The airstrikes were supported by KC-10 and KC-135 refuelers, surveillance aircraft and command and control aircraft, Pickart said.

About Tara Copp

Tara Copp is the Pentagon Bureau Chief for Military Times and author of the award-winning military nonfiction "The Warbird: Three Heroes. Two Wars. One Story."

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Источник: https://www.militarytimes.com/flashpoints/2017/11/20/f-22s-conduct-first-airstrikes-in-afghanistan/

Air Force F-22s make first landing at Fort Drum airfield for rapid refueling operation

Ed Chiasson, Wheeler-Sack Army Airfield operations officer, watches as an F-22 Raptor from Joint Base Langley-Eustis, Virginia, lands for a hot refueling operation Sept. 21. (Photo by Mike Strasser, Fort Drum Garrison Public Affairs)
A fire crew from Fort Drum Directorate of Fire and Emergency Services’ Station 3 supports the hot refuel operation Sept. 21 at Wheeler-Sack Army Airfield. (Photo by Mike Strasser, Fort Drum Garrison Public Affairs)
Two F-22 Raptors from Joint Base Langley-Eustis, Virginia, touched ground at Wheeler-Sack Army Airfield for the first time Sept. 21. The brief visit demonstrated both Fort Drum’s capabilities to expand its airfield operations to support different types of aircraft, as well as <b>air force f 22</b> ability of 174th Maintenance Group Detachment 1 to facilitate rapid refueling and armament for unit training missions. (Photo by Mike Strasser, Fort Drum Garrison Public Affairs)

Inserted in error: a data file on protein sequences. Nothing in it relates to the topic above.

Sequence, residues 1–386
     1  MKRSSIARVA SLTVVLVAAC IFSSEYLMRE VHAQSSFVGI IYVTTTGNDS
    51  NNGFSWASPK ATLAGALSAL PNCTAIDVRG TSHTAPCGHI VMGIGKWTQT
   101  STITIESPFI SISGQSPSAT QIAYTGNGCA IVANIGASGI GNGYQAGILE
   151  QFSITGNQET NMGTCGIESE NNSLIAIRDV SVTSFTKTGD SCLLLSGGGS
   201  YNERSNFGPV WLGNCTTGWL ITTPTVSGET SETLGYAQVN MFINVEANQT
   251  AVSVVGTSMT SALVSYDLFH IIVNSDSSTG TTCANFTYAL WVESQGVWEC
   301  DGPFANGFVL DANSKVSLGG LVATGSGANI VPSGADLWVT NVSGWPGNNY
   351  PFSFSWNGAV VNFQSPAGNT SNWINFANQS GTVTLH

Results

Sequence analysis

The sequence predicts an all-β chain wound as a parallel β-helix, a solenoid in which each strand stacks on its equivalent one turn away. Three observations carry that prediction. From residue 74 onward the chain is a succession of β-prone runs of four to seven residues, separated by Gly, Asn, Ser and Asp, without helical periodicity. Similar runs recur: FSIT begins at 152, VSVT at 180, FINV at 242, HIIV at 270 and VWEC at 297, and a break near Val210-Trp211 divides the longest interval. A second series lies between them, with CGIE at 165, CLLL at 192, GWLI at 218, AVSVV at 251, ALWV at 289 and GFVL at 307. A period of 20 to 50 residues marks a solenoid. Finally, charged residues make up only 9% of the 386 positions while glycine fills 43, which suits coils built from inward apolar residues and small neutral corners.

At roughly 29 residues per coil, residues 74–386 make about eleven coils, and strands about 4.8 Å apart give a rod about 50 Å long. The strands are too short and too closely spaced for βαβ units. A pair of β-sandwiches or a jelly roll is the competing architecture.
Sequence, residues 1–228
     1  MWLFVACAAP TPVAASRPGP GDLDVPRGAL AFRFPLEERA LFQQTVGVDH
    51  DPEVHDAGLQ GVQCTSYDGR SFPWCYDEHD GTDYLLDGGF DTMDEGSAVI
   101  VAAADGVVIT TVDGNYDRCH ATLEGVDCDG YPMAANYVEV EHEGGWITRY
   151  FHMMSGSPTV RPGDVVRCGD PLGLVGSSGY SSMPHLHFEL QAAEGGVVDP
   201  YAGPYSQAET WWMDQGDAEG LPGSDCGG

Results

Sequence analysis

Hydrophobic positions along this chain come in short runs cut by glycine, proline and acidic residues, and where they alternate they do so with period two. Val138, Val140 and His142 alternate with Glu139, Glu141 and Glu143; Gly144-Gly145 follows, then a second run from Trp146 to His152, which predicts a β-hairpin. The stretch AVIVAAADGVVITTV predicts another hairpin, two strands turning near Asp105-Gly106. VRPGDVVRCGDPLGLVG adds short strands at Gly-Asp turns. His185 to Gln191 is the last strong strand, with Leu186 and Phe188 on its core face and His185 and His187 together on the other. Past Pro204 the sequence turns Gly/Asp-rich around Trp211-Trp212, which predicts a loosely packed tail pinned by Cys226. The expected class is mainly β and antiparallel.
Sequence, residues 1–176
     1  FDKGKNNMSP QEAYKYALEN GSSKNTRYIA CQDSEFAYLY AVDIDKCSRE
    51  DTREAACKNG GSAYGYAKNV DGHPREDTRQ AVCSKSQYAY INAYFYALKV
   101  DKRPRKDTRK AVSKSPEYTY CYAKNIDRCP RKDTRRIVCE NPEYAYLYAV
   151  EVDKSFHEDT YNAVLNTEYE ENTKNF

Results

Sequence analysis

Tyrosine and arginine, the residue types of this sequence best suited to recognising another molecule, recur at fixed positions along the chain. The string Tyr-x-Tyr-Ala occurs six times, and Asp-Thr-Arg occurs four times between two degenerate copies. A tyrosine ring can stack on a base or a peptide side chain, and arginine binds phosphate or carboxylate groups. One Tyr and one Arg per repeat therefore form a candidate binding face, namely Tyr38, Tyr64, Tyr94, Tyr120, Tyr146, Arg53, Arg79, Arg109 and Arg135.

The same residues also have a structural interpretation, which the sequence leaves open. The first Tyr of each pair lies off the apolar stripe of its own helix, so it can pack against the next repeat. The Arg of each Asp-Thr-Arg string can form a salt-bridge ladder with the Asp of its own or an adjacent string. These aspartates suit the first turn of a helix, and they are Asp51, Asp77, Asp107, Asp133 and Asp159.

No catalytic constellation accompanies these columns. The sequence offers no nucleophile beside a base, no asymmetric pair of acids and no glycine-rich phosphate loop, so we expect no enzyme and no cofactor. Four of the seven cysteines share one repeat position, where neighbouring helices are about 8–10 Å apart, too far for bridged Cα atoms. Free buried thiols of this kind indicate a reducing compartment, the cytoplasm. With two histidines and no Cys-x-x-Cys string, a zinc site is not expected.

FORT DRUM, N.Y. (Sept. 23, 2021) -- Two F-22 Raptors from Joint Base Langley-Eustis, Virginia, touched ground at Wheeler-Sack Army Airfield for the first time Sept. 21 and, roughly 30 minutes later, they were gone.

The brief visit demonstrated both Fort Drum’s capabilities to expand its airfield operations to support different types of aircraft, as well as the ability of 174th Maintenance Group Detachment 1 to facilitate rapid refueling and armament for unit training missions.

The F22s were using military operating airspace in the region for combat training with F-35 aircraft from the 158th Fighter Wing, located at Vermont Air National Guard Base in Burlington.

After their first engagement, the jets landed, refueled and were “back in the fight,” according to Air Force Maj. Christian Sturick, commander of the 174th Maintenance Group Detachment 1 / Forward Operating Location (FOL).

“For the air crews of the F-35s and F-22s to be able to meet in the airspace to train, fight and practice their tactics is a huge a capability,” he said. “What we are doing here is giving them ability to hot refuel, where they disengage from the fight and refuel very rapidly and get back in the fight immediately.”

Sturick said that the refueling operation at Wheeler-Sack Army Airfield provided a longer training opportunity for the aviation units, which otherwise would have returned to their home stations for refueling.

“We give them that ability to have an embedded Air Force maintenance unit here at Fort Drum,” he said. “My maintainers can refuel them and rearm them, if that’s the case.”